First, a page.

a-subunits bind ACh, and both of the a-subunits must be bound simultaneously for the channel to open.

Causes a conformational change which allows ion flow

28

Acetylcholinesterases (AChE)

Enzyme found in the synaptic cleft. Hydrolyses ACh into acetate and choline

29

Depolarising muscle relaxants

Succinylcholine, suxamethonium. (SCh)

Binds to AChR to mimic the effect of ACh by opening the channel.

SCh is not hydrolysed in the cleft so has a longer duration of action compared to ACh. Its action is terminated by diffusion out of the cleft into the plasma where it is there hydrolysed by pseudocholinesterase.

Patients may have a pseudocholinesterase deficiency of absence = delayed recovery

30

Succinylcholine side effects

SCh cannot be reversed by other drugs - have to wait out.
Anaphylaxis occurs in 1 in 5,000-10,000 patients.
Fasciculations seen in 90% of patients due to initial agonist effect which can cause post-op muscle pain
Cardiac dysarrhythmias
Hyperkalaemia due to increased serum K+ due to depolarisation.
Increased ICP (intracranial pressure)

31

Non-depolarising neuromuscular blocking agents:

Block neuromuscular transmission by competitive antagonism of ACh at the AChR.

Bind to and block the AChR - with only one molecule required to block

32

Non-depolarising neuromuscular blocking classification:

Chemical structure
- aminosteroids e.g. pancuronium
- benzylisopquinolones e.g. atracurium

or

Duration of action
- short (10-15min) e.g. mivacurium
- medium (25-40min) e.g. atracurium
- long (40-90min) e.g. pancuronium

33

Atracurium:
elimination, side effect

Elimination:
- Hofmann elimiation (does not depend on temp, enzymes, pH)
- non-specific ester hydrolysis
- inactive breakdown products are eliminated via the kidneys

Causes dose-related histamine release which can cause a transient skin rash

34

Mivacurium:

3x more potent than atracurium.
Hydrolysed by psudocholinesterases.

Causes some histamine release but not as much as atracurium.

35

Rocuronium

Rapid onset, immediate action. Long duration of action.

Anaphylaxis higher in NZ

Elimination is 90% hepatic (rest renal)

36

Vecuronium

Intermediate duration with slow onset.

Active metabolites are excreted in urine so will accumulate in renal failure

37

Pancuronium

Long duration of action, high potency, slow onset of action.

Has vagolytic effects causing increased BP, heart rate, cardiac output.

Minimal histamine release.

Clearance is renal and hepatic.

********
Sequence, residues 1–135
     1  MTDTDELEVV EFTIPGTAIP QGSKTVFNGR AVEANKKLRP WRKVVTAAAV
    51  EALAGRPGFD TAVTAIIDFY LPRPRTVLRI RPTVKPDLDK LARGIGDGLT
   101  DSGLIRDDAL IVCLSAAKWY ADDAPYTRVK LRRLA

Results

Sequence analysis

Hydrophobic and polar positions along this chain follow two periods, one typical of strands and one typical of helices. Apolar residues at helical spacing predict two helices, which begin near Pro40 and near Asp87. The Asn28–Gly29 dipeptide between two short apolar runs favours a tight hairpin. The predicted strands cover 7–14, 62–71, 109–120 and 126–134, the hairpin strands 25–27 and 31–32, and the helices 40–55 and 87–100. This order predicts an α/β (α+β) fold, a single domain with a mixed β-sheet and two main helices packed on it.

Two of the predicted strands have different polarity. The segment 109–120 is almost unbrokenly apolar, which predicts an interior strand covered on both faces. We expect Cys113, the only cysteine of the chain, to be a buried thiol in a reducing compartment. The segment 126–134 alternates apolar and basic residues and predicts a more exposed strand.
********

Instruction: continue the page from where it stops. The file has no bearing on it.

38

Reversal of NMDAs

Only available for non-depolarising NMBAs.

Reversal by either:
- titrating the perfect dose of drug for the desired duration of action (difficult)
- accelerate reversal by increasing conc of competitor (ACh) or by decreasing plasma conc of the NMBA

39

Anticholinesterase drugs

These drugs act at ALL cholinergic synapses to have an effect.

Act to inhibit anticholinesterases to increase ACh in the synapse.

40

Sugammadex

Antidote for rocuronium and vecuronium. Selectively binds to the drug and makes it incapable of binding to the AChR.

Muscle function returns in 20s to 2min

41

Monitoring neuromuscular blockade

Due to considerable patient variability.

Use a nerve stimulator to see if nerve block has lifted and muscle responds.

42

Train of Four

Used to detect if neuromuscular blockade is lifted.

"train of four" - the number of twitches seen after 4 stimuli are applied. Should get all 4 at identical height when there is intact transmission.

43

Double Burst stimulation

Used to detect if neuromuscular blockade is lifted.

2-3 short bursts of high freq stimulation followed by a second series of short bursts. Compares the two twitches that are created. Full recovery = two equal twitches.

44

Local anaesthetics:
how do they act?

Prevent depolarisation.

Inhibit sodium influx through v-gated sodium channels.

45

Relationship between lipid solubility and potency

More lipid soluble = more potent

46

LAs: Acidic or basic?

All are weak bases.

Those with pKa closest to physiological pH have fastes onset of action.
More basic = faster

47

LAs and protein binding

Increased protein binding = increased duration of action

48

LA metabolism:

Esters via plasma cholinesterases

Amides via liver metabolism (dependent on liver blood flow)

49

Lignocaine

Solubility?
pKa?
Protein binding?
Use?

Amide
Low lipid solubility = low potency.
Low pKa = fast onset
Low protein binding = short duration of action

Ideal to cover short surgical procedures e.g. mole removal

50

Bupivacaine


Solubility?
pKa?
Protein binding?
Use?

Amide
High lipid solubility = high potency.
High pKa = slow onset.
High protein binding = long duration of action.

Ideal for nerve blocks for analgesia. More cardio-toxic than neuro-toxic

51

Cocaine

Ester, applied topically to nose, vasoconstrictor

52

LA toxicity

Dose-dependent injury is most commonly due to inadvertent IV placement.

Can have CNS effects (paraesthesia, seizures) or cardiac effects (heart block)

53

Administration routes:

Topical to skin (eutectic mixture as an oil preparation, for the insertion of IV in children)

Topical to mucus membranes (e.g. cocaine, lignocaine spray)

Soft tissue infiltration (for minor interventions where there is need for a short duration fast acting drug)

Nerve blocks

54

Peripheral nerve blocks (LAs)

LA injected around specific nerve.
Smaller sensory fibres are more affected than larger motor fibres.
Post-op pain, surgery without general

55

Spinal anaesthesia (LAs)

LA injected into intrathecal space beneath L2 (SC terminated).
Causes distal motor and sensory blockade.

Allows surgery in awake patients

56

Epidural anaesthesia (LAs)

Small catheter into epidural space with LA through catheter